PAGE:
Schoolboy prodigy Benji Marshall watched in awe as Andrew Johns dissected the Kiwis last Friday and he was a little disappointed the Kangaroos and Newcastle playmaker was absent injured when he made his National Rugby League (NRL) debut yesterday.
Marshall, 17, originally from Whakatane and who was contracted to the Tigers last year while still at school on Queensland's Gold Coast, had a solid debut as the Tigers racked up their biggest ever win against Newcastle.
Marshall, who left New Zealand in 2001, initially played fullback and switched to halfback, where he would have come up against Johns had the star not injured his neck during the Kangaroos' 48-6 romp over the Kiwis.
"They scored after I missed an early tackle but I had a few runs and that got my confidence up. It was good fun," Marshall said.
His confidence was apparent when asked whether he was relieved Johns was not in the opposition.
"It doesn't worry me, I'd play whoever was put in front of me."
Marshall had been told by coach Tim Sheens last week that he would be on the interchange bench.
"There were some nerves but not really. I'd played sevens and a couple of trial matches (for the Tigers earlier this year) and the boys in the team made it a lot easier."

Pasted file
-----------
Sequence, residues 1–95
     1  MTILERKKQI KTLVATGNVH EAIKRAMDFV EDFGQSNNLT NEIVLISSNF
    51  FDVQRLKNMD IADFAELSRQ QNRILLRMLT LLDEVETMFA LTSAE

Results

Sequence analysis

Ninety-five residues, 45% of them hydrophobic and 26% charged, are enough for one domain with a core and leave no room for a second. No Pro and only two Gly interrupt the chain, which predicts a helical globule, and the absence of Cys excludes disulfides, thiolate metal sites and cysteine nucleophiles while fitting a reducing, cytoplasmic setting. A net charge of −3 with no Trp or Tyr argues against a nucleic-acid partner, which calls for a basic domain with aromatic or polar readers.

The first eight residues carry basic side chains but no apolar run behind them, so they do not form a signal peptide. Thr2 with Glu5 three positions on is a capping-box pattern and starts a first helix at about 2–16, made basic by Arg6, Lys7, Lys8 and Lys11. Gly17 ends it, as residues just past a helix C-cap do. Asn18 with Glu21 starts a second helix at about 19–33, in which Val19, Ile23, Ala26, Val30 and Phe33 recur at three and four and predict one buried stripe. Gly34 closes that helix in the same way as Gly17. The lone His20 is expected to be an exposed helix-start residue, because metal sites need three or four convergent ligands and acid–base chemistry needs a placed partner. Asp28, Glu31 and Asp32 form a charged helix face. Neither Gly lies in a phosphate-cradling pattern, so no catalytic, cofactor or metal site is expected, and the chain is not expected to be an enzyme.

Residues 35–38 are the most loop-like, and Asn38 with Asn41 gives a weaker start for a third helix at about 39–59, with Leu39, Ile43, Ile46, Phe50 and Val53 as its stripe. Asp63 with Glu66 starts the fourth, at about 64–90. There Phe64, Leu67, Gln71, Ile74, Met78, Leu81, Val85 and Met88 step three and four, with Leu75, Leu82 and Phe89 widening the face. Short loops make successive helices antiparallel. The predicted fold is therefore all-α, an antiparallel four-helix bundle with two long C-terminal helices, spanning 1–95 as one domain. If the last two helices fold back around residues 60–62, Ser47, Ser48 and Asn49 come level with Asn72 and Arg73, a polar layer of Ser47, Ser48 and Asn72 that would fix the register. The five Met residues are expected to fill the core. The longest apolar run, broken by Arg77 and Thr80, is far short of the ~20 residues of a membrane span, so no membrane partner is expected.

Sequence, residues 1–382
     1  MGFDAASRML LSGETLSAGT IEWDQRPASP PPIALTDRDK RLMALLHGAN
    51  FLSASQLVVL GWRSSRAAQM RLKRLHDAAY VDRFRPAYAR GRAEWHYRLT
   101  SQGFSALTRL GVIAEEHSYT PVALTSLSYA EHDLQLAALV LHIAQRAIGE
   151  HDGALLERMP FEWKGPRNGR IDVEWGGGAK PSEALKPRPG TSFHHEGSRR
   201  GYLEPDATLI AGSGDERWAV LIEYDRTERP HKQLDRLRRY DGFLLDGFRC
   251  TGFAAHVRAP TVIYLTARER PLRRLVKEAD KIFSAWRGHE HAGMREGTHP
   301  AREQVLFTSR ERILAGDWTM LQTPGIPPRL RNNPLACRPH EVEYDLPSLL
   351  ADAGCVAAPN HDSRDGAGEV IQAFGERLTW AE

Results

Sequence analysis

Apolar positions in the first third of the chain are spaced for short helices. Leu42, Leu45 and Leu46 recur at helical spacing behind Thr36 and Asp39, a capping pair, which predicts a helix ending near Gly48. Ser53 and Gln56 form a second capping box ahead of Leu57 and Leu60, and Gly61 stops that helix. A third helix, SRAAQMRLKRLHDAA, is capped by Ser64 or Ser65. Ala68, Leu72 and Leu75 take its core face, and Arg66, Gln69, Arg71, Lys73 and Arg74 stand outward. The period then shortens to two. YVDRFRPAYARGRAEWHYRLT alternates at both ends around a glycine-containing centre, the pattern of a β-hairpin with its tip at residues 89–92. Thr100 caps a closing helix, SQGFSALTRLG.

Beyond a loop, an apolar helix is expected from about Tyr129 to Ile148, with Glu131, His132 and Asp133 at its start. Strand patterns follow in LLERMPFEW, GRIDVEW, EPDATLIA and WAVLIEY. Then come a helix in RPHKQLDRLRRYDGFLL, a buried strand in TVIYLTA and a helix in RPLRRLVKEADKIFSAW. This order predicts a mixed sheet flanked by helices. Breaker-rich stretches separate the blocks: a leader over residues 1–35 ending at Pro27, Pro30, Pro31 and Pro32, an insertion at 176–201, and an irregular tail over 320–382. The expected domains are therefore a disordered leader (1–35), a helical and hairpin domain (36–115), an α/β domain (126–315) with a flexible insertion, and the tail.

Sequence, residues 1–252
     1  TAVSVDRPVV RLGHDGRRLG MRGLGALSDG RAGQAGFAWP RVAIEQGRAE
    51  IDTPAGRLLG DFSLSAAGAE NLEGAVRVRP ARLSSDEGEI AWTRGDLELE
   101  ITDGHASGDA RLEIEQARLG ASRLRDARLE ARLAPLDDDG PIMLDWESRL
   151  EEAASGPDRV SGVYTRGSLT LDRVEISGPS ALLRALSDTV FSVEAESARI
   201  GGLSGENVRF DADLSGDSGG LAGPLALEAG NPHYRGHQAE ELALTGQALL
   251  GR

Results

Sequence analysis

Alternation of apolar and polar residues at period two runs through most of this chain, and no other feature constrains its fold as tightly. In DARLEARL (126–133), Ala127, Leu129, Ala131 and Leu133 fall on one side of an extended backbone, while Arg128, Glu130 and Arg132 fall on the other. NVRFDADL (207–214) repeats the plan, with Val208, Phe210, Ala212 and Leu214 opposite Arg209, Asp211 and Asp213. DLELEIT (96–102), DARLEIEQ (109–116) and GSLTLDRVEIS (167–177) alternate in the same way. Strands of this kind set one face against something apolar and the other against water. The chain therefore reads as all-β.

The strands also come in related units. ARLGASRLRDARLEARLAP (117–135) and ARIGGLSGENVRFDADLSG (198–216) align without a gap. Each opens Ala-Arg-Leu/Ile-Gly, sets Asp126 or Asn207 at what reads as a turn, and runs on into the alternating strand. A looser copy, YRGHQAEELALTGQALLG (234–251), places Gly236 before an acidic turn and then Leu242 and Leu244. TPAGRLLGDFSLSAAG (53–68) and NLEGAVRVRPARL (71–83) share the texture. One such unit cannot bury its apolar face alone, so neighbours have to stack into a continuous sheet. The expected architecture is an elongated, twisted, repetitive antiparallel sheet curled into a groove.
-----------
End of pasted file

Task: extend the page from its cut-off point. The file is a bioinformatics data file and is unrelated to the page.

Marshall is back in class at Keebra Park High School on Tuesday studying for his last exams before heading to west Sydney permanently next season.
He supported the Kiwis at Aussie Stadium, was rapt with the All Blacks' 50-21 rugby win over Australia last night, but his allegiance will soon be tested when he turns out against the Junior Kiwis.
Marshall has been selected in the Australian schoolboys team to visit New Zealand in September-October and was coy on where his future might lie.
"Probably New Zealand," he said.
"I'll talk to my parents and see what happens."
Sheens last month tipped the elusive, quick-stepping teenager as a future star, suggesting Marshall could follow in the footsteps of former Penrith and Auckland Warriors player Greg Alexander, who also made his first-grade debut while at school.